In this final volume of Distant Worlds Paul’s life is about to change once more. Last seen ascending into a beam of light with a host of Stepanerks we now discover the aftermath. And it’s not what you’d expect. Paul has landed himself the task of saving all humans colonising the planet, and has just a month to do it. And the help of Mr Step, too.
But it’s not just change for Paul. As he prepares to travel to the capital many of the various characters he’s interacted with along the way are going through changes too. Despite the calamities and dangers, though, Paul is in possession of a new-found confidence and a little luck. The mammoth task of saving the colony just might be possible.
If I’m honest, this isn’t my favourite Leo series. It has all his story-telling hallmarks but without his distinctive illustration alongside it, which I can’t help but feel leaves it somewhat lacking. That sounds terribly unfair to Icar, but it’s hard to ignore Leo’s body of work. And that’s not to say that Icar has done a bad job – he’s just no Leo.
What this series has been is another fascinating look at the early days of human expansion throughout the galaxy. These type of stories have a newfound relevance as we take our first tentative steps towards an off-world presence. Exploring those possibilities and pitfalls through story-telling is a great way to engage with the subject, and Distant Worlds delivers on this.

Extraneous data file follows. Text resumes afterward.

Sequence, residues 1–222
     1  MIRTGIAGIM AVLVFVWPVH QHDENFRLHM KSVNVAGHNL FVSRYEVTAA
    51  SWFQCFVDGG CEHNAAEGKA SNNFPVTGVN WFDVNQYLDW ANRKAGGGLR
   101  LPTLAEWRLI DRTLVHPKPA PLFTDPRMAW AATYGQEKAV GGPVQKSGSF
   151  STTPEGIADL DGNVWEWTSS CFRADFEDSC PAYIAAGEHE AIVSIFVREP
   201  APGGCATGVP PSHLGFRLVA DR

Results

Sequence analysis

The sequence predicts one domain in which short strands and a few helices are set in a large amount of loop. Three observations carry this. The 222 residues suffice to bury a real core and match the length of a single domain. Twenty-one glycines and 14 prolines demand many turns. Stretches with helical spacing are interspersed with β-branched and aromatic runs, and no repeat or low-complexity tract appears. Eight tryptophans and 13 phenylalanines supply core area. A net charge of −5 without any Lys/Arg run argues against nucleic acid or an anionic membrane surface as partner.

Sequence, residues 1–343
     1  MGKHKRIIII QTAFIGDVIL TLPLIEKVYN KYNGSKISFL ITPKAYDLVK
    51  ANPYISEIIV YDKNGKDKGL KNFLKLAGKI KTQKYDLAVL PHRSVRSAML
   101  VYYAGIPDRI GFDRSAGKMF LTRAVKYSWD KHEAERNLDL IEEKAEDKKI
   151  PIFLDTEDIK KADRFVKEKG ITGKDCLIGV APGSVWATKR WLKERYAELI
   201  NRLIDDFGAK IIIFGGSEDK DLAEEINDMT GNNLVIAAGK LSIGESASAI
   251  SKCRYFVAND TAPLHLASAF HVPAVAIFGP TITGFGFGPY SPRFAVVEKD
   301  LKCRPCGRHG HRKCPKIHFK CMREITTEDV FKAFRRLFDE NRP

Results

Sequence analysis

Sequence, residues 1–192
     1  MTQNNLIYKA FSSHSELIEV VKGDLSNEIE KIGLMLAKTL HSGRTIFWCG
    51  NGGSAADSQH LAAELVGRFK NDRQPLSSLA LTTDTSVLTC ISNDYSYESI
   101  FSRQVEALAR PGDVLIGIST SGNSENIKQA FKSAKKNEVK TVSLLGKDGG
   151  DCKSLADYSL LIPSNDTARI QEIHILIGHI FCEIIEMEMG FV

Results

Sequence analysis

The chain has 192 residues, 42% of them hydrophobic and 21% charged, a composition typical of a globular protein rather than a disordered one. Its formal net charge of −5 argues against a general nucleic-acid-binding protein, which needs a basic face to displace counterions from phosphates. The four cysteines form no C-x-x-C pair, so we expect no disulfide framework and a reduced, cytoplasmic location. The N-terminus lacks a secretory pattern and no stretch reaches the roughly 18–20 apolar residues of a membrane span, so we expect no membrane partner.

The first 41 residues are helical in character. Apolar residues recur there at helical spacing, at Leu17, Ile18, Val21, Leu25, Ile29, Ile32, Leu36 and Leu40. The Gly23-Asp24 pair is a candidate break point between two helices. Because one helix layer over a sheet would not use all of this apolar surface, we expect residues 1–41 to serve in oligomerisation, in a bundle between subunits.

My favourite part of Leo’s fictional words are his native fauna designs. I do wonder how much of a hand he had in the design of the Stepanerks. As a species they’re a curious construct, portrayed as indistinctive to one another and with hidden faces. This adds to their mystery, but for the human reader it does make them harder to engage and sympathise with. Fortunately their design is very bold indeed which had gone some way to compensate, but I for one would have liked to seen them more developed. But perhaps that’s a foolish wish. Throughout Leo’s books he’s happy to keep aspects mysterious and unexplained. This reflects the fact that answers seldom come easily, and for the most part that works just fine.
And if you liked that: Then try any of the many other books by Leo